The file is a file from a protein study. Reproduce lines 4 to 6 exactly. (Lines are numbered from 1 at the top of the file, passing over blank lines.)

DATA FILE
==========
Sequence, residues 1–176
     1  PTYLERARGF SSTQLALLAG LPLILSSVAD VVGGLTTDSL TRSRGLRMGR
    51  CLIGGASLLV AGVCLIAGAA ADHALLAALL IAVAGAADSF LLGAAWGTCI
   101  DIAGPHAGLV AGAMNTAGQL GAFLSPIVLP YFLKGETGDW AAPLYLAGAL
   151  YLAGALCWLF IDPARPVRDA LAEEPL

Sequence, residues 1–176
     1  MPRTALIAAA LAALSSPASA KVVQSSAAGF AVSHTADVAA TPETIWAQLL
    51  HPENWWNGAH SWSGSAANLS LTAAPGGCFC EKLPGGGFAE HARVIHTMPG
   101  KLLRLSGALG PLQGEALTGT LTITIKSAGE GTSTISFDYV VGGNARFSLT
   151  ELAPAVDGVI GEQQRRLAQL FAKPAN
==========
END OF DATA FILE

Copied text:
   101  DIAGPHAGLV AGAMNTAGQL GAFLSPIVLP YFLKGETGDW AAPLYLAGAL
   151  YLAGALCWLF IDPARPVRDA LAEEPL

Sequence, residues 1–176